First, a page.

Do private school girls marry rich?

Francis Green, Golo Henseke, Samantha Parsons, Alice Sullivan, Richard Wiggins


This paper considers for the first time whether there is school-type homogamy, and whether for women there are significant advantages from private schooling as a consequence of school-type homogamy. Its focus is Britain, where a private education is associated with substantial labour market advantages and where access is socially exclusive. We find that privately educated women are 7 percentage points more likely than observably similar state-educated women to marry privately educated men. Privately educated married women have husbands who earn 15% higher pay, according to the BHPS-UKHLS panel (20% at age 42, according to the British Cohort Study). Causation is not established and considerable caution would be needed if interpreting these associations as reflecting causal effects from private schools. The findings nevertheless raise anew the issue of the negative association between Britain’s private schooling and social mobility.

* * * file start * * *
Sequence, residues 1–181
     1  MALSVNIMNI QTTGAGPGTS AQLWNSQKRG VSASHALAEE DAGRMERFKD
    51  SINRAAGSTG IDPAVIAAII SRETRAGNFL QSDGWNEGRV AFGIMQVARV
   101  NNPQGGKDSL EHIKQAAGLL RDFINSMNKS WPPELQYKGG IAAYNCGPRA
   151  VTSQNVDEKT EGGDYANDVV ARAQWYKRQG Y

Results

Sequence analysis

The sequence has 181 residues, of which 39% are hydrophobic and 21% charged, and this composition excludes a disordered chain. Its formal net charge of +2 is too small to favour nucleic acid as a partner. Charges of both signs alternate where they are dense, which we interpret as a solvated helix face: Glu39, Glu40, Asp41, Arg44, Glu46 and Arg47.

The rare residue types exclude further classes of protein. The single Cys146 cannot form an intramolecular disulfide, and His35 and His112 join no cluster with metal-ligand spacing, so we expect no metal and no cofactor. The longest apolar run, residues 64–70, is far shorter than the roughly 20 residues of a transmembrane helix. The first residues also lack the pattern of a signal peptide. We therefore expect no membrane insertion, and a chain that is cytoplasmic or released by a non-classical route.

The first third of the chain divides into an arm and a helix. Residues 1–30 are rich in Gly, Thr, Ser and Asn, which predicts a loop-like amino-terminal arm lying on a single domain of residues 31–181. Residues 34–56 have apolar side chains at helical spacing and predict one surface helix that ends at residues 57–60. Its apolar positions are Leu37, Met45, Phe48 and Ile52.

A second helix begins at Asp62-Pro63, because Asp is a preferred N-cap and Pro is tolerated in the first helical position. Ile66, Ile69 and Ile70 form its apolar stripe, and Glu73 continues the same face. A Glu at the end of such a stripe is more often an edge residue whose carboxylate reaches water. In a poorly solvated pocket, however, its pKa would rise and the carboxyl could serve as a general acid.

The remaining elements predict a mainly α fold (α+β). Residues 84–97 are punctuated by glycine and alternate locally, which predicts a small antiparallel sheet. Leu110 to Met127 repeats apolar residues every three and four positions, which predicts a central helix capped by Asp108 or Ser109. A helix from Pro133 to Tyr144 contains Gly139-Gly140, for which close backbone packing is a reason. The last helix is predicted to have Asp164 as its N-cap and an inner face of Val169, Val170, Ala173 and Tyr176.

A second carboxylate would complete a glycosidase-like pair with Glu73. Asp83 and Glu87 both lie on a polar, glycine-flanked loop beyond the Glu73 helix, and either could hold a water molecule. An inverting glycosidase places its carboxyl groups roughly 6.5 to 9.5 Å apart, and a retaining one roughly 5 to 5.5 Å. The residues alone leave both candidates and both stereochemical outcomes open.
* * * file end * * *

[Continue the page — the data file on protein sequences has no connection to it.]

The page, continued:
private school; pay; social mobility; homogamy; marriage

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Copyright (c) 2018 Francis Green, Samantha Parsons, Alice Sullivan, Richard Wiggins

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